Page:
Central park: Parque San Telmo
Sandwiched between the residential district of Arenales and the shopping area of Triana, Parque San Telmo’s slap bang in the middle of Las Palmas. Prices seem to be higher in the park’s cafe, where you can enjoy a range of cold and hot drinks along with light snacks, than in other nearby venues. But, as you can see from the picture, the owners must invest profits in a cleaner to keep the tiles gleaming on this art-deco building.
San Telmo Park houses one of the two main bus stations in the island’s capital (the other being in Parque Santa Catalina). Global buses pick up and drop off passengers travelling to and from other towns and villages on the islands inside the station whilst there are stops for the inner-city Guaguas Municipales outside. At both the Avenída Marítima and Parque San Telmo entrances. There’s also a taxi rank.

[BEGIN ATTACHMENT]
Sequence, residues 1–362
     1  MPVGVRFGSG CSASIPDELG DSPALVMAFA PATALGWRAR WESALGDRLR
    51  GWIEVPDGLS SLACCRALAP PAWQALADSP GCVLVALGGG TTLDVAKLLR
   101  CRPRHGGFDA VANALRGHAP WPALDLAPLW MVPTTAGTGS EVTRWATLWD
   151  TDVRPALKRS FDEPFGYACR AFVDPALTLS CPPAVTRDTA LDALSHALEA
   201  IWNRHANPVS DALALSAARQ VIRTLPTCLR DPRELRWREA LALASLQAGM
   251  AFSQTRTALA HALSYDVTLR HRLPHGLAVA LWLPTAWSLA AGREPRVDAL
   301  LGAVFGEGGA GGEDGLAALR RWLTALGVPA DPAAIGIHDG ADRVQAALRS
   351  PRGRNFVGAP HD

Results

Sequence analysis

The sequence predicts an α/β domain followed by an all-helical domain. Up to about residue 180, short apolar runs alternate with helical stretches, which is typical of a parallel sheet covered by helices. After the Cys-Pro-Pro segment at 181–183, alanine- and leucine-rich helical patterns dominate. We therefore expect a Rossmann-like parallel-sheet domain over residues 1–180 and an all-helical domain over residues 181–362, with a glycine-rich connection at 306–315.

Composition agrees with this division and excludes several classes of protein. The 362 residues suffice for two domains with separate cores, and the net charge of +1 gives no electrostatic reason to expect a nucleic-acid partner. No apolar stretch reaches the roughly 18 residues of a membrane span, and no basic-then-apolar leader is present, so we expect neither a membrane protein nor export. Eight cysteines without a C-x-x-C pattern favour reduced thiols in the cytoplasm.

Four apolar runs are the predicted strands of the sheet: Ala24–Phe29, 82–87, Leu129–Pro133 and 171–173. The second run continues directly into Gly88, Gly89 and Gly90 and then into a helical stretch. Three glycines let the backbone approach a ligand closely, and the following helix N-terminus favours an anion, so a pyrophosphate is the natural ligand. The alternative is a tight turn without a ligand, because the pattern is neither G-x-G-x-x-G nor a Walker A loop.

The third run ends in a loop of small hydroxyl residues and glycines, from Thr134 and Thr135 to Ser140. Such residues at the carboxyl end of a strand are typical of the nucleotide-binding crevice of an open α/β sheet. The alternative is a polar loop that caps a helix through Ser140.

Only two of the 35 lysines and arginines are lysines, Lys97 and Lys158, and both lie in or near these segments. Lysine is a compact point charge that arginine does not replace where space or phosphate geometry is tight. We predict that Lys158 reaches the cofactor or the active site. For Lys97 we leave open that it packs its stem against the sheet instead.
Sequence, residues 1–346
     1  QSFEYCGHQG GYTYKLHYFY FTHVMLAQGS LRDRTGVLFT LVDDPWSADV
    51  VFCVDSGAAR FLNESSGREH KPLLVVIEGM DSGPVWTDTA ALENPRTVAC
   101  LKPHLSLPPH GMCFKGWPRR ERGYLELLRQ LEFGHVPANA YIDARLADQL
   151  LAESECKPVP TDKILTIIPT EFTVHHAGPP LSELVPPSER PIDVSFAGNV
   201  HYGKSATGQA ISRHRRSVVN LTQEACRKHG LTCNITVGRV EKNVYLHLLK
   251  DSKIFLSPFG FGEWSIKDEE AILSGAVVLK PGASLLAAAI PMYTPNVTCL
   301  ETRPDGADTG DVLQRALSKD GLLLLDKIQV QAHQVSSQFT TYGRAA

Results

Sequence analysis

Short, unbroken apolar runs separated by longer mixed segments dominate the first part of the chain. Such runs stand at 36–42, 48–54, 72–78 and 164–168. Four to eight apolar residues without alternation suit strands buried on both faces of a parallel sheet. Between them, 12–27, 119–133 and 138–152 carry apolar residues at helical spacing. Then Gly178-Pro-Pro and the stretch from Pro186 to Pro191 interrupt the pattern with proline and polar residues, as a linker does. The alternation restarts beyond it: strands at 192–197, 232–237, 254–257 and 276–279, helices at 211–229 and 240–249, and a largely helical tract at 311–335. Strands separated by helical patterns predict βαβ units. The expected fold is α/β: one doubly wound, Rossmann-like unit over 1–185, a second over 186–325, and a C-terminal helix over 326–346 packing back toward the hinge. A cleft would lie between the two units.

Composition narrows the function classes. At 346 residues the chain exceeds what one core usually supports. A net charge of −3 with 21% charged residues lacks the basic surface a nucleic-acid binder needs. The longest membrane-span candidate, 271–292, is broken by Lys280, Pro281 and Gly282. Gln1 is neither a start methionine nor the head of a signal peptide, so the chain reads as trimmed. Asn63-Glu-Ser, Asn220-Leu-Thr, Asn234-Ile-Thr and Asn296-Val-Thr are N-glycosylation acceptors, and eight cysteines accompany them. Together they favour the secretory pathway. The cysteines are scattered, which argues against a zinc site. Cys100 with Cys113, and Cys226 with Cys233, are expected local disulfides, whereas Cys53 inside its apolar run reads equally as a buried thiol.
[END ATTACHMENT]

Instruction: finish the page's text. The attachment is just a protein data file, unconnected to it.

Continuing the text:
Pirates of the Atlantic
In the south-west corner of the park you’ll find the Ermita San Telmo AKA the Parroquia de San Bernando. Dutch pirates led by Pieter van der Does sacked this hermitage/parish church in 1599. Yet, it’s since been rebuilt and these days is a popular wedding venue.
Keeping with the naughty nautical theme, older kids will enjoy climbing up and down the life-sized model of a pirate ship. Whilst younger ones have their own, smaller playground nearby offering the classic slides-and-swings combo. At Christmas time, look out for Parque San Telmo’s mini funfair.
Buildings with the word Patria on them invariably give me the creeps. Sounding more Teutonic than Hispanic, these are military buildings which defend the fatherland. The Gobierno Militar certainly casts a shadow over the park. It’s where Francisco Franco declared his rebellion in 1936, starting the Spanish Civil War in the process.